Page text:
Creating the Music and Sound Effects of Forbidden Planet
Great piece from a documentary on 1955 b-movie classic "Forbidden Planet" detailing the ground-breaking work done by husband and wife composers Louis and Bebe Barron.
Bebe Barron (16 June 1925 – 20 April 2008) and Louis Barron (23 April 1920 – 1 November 1989) were two American pioneers in the field of electronic music. They are credited with writing the first electronic music for magnetic tape, and the first entirely electronic film score for the MGM movie Forbidden Planet
The couple married in 1947 and moved to New York City. Louis' cousin, who was an executive at the Minnesota Mining and Manufacturing Company (3M), gave the newlyweds their first tape recorder as a wedding gift. Using their newly acquired equipment, the couple delved into the study of musique concrète.
The first electronic music for magnetic tape composed in America was completed by Louis and Bebe in 1950 and was titled Heavenly Menagerie. Electronic music composition and production were one and the same, and were slow and laborious. Tape had to be physically cut and pasted together to edit finished sounds and compositions.
The 1948 book Cybernetics: Or, Control and Communication in the Animal and the Machine, by mathematician Norbert Wiener from MIT played an important role in the development of the Barrons' composition. The science of cybernetics proposes that certain natural laws of behavior apply to both animals and more complex electronic machines.
By following the equations presented in the book, Louis was able to build electronic circuits which he manipulated to generate sounds. Most of the tonalities were generated with a circuit called a ring modulator. The sounds and patterns that came out of the circuits were unique and unpredictable because they were actually overloading the circuits until they burned out to create the sounds. The Barrons could never recreate the same sounds again, though they later tried very hard to recreate their signature sound from Forbidden Planet. Because of the unforeseen life span of the circuitry, the Barrons made a habit of recording everything.
Most of the production was not scripted or notated in any way. The Barrons didn't even consider the process as music composition themselves. The circuit generated sound was not treated as notes, but instead as 'actors'. In future soundtrack composition, each circuit would be manipulated according to actions of the underlying character in the film.
After recording the sounds, the couple manipulated the material by adding effects, such as reverb and tape delay. They also reversed and changed the speed of certain sounds. The mixdown of multiple sounds was performed with at least three tape recorders. The outputs of two machines would be manually synchronized, and fed into an input of a third one, recording two separate sources simultaneously. The synchronization of future film work was accomplished by two 16 mm projectors that were tied into a 16 mm tape recorder, and thus ran at the same speed.
While Louis spent most of his time building the circuits and was responsible for all of the recording, Bebe did the composing. She had to sort through many hours of tape. As she said, "it just sounded like dirty noise". Over time, she developed the ability to determine which sounds could become something of interest. They may also have invented the tape loop. The tape loop gave the Barrons' sounds rhythm. They mixed the sounds to create the otherworldly and strange electronic soundscapes required by Forbidden Planet.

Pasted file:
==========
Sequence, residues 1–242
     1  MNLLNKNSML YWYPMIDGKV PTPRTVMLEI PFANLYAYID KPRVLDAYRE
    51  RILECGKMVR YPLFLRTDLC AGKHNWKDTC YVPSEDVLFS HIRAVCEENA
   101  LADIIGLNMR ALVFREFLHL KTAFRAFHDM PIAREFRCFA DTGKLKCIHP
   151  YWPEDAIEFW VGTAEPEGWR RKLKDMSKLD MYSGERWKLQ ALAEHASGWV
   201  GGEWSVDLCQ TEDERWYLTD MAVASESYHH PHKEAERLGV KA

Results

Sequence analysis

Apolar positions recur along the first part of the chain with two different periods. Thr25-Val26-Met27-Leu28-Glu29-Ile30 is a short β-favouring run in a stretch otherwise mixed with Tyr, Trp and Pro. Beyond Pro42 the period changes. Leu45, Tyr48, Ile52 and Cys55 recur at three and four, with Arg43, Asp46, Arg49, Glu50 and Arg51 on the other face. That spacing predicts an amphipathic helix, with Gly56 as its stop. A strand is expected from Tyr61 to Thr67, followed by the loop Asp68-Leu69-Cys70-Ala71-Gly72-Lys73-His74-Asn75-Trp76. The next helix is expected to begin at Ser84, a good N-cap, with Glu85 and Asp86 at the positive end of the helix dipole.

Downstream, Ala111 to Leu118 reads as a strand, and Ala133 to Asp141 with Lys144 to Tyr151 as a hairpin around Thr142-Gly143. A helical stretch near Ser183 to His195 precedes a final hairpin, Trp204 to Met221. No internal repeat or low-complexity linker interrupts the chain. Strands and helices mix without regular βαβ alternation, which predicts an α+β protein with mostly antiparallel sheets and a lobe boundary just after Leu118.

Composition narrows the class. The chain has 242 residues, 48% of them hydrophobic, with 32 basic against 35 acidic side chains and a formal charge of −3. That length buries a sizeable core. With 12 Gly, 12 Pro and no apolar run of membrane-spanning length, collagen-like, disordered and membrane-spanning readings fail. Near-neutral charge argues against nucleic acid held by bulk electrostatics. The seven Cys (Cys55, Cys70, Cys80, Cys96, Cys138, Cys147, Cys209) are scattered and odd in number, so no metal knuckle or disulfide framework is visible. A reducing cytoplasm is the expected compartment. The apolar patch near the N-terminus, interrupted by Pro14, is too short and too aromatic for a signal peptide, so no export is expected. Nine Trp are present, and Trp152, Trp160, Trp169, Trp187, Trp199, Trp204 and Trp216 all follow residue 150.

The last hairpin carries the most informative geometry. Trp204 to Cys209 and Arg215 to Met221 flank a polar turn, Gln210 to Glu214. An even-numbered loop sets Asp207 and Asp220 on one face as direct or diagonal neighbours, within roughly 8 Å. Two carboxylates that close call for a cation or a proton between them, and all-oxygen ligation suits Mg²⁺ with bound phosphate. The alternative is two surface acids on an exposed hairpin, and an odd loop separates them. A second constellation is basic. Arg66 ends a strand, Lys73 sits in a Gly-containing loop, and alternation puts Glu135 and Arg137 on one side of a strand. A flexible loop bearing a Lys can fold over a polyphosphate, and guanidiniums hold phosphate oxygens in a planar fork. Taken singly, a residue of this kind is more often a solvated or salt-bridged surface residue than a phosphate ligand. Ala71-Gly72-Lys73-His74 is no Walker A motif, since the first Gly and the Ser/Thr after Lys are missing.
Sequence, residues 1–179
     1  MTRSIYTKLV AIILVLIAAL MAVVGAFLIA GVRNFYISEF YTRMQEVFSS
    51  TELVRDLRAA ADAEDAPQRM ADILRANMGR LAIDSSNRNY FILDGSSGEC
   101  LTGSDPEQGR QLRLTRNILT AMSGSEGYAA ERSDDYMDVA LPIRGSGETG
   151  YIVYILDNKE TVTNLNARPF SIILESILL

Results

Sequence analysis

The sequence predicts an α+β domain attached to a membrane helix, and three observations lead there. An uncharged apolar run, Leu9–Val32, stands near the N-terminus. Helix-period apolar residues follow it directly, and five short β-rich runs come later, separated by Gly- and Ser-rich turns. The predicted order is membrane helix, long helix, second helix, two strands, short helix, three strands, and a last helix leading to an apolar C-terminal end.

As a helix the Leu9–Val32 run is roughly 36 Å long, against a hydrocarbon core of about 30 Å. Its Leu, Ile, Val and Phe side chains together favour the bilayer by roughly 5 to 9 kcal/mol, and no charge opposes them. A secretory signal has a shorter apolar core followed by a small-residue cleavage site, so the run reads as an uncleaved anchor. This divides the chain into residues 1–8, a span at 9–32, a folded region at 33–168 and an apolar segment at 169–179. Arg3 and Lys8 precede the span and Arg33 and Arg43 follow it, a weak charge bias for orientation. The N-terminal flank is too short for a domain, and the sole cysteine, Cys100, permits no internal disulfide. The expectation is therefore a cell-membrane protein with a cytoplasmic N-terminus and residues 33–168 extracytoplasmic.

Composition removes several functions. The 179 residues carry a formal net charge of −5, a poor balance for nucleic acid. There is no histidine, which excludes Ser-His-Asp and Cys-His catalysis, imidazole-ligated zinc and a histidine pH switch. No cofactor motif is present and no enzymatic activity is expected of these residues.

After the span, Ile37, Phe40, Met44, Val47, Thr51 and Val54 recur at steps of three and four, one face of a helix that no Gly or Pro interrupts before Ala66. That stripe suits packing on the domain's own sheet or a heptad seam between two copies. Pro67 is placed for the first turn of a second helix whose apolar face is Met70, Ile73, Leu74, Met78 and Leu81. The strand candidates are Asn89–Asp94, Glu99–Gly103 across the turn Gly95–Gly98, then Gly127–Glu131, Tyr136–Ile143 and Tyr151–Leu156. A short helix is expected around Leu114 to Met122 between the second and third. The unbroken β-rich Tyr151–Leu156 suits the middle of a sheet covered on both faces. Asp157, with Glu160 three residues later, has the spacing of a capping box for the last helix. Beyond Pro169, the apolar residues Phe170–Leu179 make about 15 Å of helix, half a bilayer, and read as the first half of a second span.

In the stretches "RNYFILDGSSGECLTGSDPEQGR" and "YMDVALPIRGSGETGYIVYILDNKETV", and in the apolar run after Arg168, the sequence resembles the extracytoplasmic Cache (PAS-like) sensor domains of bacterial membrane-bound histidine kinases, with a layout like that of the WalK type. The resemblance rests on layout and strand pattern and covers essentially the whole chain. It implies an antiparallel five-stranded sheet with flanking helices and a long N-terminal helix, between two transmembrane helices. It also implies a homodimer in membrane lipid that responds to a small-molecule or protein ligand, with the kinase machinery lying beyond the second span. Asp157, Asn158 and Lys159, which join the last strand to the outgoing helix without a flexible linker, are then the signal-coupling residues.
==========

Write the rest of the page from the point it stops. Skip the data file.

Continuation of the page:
Soon after relocation to New York, the Barrons opened a recording studio at 9 West 8th Street in Greenwich Village that catered to the avant-garde scene. This may have been the very first electronic music studio in America. At the studio, the Barrons used a tape recorder to record everything and everyone. They recorded Henry Miller, Tennessee Williams, and Aldous Huxley reading their work in a form of early audio book. In June 1949, Anaïs Nin recorded a full version of House of Incest and four other stories from Under a Glass Bell. These recordings were pressed on red vinyl and released on the Barrons' Contemporary Classics record label under the Sound Portraits series.
For a short time, the Barrons held a monopoly on tape recording equipment. The only other competition in town were the studios owned by Raymond Scott and Eric Siday. The connection through Louis' cousin working at 3M proved to be vital in obtaining batches of early magnetic tape. Due to the lack of competition in the field, and to the surprise of the owners, the recording business was a success.
Aside from the tape recorders, most of the equipment in the studio was completely built by Louis. One of the home made pieces was a monstrous speaker which could produce very heavy bass. Electronic oscillators that produced sawtooth, sine, and square waves were also home built prize possessions. They had a filter, a spring reverberator, and several tape recorders. The Stancil-Hoffmann reel to reel was custom built by the inventor for looping the samples, and changing their speed. The thriving business brought in enough income to purchase some commercial equipment.
The Barrons' music was noticed by the avant-garde scene. During 1952-53 the studio was used by John Cage for his very first tape work Williams Mix. The Barrons were hired by Cage to be the engineers. They recorded over 600 different sounds, and arranged them with Cage's directions in various ways by splicing the tape together. The four and a half minute piece took over a year to finish. Cage also worked in the Barrons' studio on his Music for Magnetic Tape with other notable composers, including Morton Feldman, Earle Brown, and David Tudor. It was Cage who first encouraged the Barrons to consider their creations "music".